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  • Cynthia MacGregor

Take Heart

Updated: Mar 10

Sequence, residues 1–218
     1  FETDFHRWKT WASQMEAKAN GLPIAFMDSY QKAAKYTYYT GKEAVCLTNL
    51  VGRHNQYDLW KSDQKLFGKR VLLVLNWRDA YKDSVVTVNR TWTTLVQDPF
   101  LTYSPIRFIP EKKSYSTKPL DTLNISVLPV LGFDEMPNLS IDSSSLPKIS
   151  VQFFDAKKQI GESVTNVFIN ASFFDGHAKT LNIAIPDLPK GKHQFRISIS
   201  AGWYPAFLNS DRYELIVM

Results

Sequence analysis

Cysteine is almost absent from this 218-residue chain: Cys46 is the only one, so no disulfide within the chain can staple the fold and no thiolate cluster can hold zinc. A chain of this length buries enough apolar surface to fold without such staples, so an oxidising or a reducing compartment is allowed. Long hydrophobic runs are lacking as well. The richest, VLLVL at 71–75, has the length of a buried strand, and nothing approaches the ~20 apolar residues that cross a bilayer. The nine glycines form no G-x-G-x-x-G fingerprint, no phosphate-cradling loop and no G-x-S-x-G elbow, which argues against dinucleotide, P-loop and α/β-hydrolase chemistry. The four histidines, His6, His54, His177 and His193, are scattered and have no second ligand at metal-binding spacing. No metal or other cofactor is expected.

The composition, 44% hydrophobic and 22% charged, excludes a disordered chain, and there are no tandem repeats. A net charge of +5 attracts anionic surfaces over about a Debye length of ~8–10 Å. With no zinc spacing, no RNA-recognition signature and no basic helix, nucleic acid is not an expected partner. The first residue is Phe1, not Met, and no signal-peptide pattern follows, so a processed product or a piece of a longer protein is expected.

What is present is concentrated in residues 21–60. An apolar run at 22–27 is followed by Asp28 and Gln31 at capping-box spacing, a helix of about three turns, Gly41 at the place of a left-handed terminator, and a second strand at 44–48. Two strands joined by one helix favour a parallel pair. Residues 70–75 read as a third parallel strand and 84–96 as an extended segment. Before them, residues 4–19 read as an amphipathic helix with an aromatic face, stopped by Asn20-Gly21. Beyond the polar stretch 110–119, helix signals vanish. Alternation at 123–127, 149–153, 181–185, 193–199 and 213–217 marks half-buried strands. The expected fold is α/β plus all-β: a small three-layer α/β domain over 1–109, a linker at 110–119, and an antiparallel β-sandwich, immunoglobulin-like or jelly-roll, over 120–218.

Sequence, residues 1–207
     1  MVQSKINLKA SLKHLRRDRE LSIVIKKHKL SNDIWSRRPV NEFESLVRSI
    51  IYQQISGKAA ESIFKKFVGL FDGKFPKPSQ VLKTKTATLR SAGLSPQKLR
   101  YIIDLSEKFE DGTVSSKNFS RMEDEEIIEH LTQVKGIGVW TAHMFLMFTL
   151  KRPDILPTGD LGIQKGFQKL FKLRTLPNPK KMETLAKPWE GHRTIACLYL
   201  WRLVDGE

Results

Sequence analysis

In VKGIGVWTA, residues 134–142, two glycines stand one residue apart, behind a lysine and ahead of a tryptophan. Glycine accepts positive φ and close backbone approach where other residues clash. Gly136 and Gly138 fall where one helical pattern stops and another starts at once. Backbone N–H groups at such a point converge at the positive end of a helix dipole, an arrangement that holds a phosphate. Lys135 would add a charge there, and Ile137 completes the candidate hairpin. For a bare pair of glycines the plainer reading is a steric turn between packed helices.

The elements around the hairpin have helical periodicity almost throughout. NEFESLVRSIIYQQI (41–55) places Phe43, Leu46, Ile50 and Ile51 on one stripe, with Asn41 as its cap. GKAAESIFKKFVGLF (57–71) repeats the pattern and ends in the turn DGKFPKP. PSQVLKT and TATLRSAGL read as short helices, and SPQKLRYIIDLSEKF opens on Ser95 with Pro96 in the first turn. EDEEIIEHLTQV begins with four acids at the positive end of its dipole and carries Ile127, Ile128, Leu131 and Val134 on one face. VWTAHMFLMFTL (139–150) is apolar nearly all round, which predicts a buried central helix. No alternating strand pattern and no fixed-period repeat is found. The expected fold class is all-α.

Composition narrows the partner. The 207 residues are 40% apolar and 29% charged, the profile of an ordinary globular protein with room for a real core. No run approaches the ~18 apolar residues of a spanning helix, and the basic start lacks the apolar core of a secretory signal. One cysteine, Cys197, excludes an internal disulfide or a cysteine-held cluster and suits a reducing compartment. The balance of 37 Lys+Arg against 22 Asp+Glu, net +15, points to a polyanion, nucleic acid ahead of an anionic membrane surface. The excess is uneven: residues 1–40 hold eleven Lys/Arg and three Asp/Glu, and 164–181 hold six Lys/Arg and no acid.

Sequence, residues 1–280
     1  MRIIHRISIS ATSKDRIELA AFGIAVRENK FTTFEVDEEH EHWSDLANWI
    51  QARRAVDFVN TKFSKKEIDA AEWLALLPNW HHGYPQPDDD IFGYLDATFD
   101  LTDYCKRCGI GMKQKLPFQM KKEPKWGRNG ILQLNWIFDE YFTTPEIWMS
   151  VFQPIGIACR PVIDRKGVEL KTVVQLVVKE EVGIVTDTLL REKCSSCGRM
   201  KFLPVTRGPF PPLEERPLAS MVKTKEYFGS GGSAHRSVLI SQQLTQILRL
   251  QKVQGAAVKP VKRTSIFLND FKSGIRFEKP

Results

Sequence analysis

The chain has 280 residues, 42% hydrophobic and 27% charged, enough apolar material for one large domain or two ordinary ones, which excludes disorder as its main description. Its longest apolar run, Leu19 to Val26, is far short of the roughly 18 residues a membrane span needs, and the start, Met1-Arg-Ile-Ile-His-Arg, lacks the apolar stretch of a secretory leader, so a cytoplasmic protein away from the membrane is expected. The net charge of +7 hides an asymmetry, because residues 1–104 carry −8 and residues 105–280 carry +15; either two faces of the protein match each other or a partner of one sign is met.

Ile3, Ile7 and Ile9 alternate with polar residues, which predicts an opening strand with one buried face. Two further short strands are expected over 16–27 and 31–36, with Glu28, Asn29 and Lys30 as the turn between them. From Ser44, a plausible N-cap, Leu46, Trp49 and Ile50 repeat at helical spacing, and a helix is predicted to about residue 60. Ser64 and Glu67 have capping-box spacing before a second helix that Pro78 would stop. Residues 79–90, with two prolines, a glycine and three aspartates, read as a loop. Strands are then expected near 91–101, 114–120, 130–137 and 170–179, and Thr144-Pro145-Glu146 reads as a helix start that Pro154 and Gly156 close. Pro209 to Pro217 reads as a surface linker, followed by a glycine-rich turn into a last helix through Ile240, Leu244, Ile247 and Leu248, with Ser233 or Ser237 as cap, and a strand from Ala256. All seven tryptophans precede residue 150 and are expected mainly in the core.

TAKE HEART—LOOK WHO AT ONE TIME GOT REJECTED! We know that many of the visitors to our website are either authors or would-be authors. Some visit our site specifically to see what types of books we publish, in order to determine if the manuscript they are writing, or already shopping around, might be of interest to us. Others visit our site as readers. They come here not with an authorial purpose but to buy books, because most authors are voracious readers…but, despite the purpose of their visit, they are indeed writers too. So, if you are reading this, there is a good chance you are a writer or have ambitions to be one. What do the majority of writers dread the most? The so-called rejection slip. In these electronic days, rejections (or “declines,” as the industry calls them) aren’t literal slips of paper anymore. In fact, they may even take the form of no response at all, which the writer is supposed to assume means a lack of interest on the part of the publisher. But in whatever form, they gnaw at the writer just as badly. Often, they engender self-doubt: “Maybe this book/story/poem/article really isn’t good.” “Maybe I wasn’t cut out to be a writer and should stick to washing windows.” Let us inject a note of encouragement into your writerly life. Here is a list of famous books and famous authors that were rejected—in some cases, many times—before they became famous authors or best-seller books. Let’s start with J.K. Rowling and the first Harry Potter book. It garnered 12 rejections before a publisher deemed it worthy to print. George Orwell’s Animal Farm, a classic by anyone’s definition, initially met with rejection because TS Eliot, then director of a major British publishing house, disagreed with the book’s political viewpoint and declined to publish it. Subsequently, an American publisher, Knopf, also passed on the book. Another classic, Moby-Dick, collected numerous rejections for Herman Melville, including one from an editor who suggested that instead of a whale, the captain might be chasing women. Knopf didn’t like The Diary of Anne Frank either and not only rejected it but dissed it sharply in it their rejection letter. Ernest Hemingway’s The Sun Also Rises was similarly sharply dissed in one of the rejects it collected before it was published. Joseph Heller’s best-seller Catch-22 was rejected—what else?—22 times before it saw the light of print. Stephen King’s first novel, Carrie, collected rejections like flypaper collects flies. Today, even most of those who haven’t read it have at least heard of it. An editor who rejected The Wind in the Willows called it, “An irresponsible holiday story that will never sell.” It has sold outrageously. An editor who passed on Little Women advised Louisa May Alcott, “Stick to teaching.” Fortunately she didn’t heed his advice. The novel was eventually published and remains a beloved classic to this day. Dr. Seuss’s first book was rejected 27 times. He was taking it home to burn it when he ran into an old acquaintance who was now an editor and insisted on reading it. The rest, to use a cliché, is history. Agatha Christie’s first novel was never published, but a literary agent suggested she try writing another. Although that one, too, was rejected a great number of times, it was finally accepted with the proviso that she change the ending. Another 71 published novels followed, as well as 15 short story collections. Is that enough encouragement for you? Yes, it’s possible that your book doesn’t quite hit the mark, but it’s also possible that the editor’s judgment is wrong, as in many of the cases above. It’s also possible that the book was declined for a reason that has nothing to do with its quality, such as that the publisher already has a similarly themed book on their list or in the hopper. There are other reasons, as well, that aren’t an indictment of your writing ability. Or maybe, like Agatha Christie, you’ve written a book that really isn’t ready for prime time, but you’ll try again and have better results next time. So take heart—and don’t assume the editors are always right.


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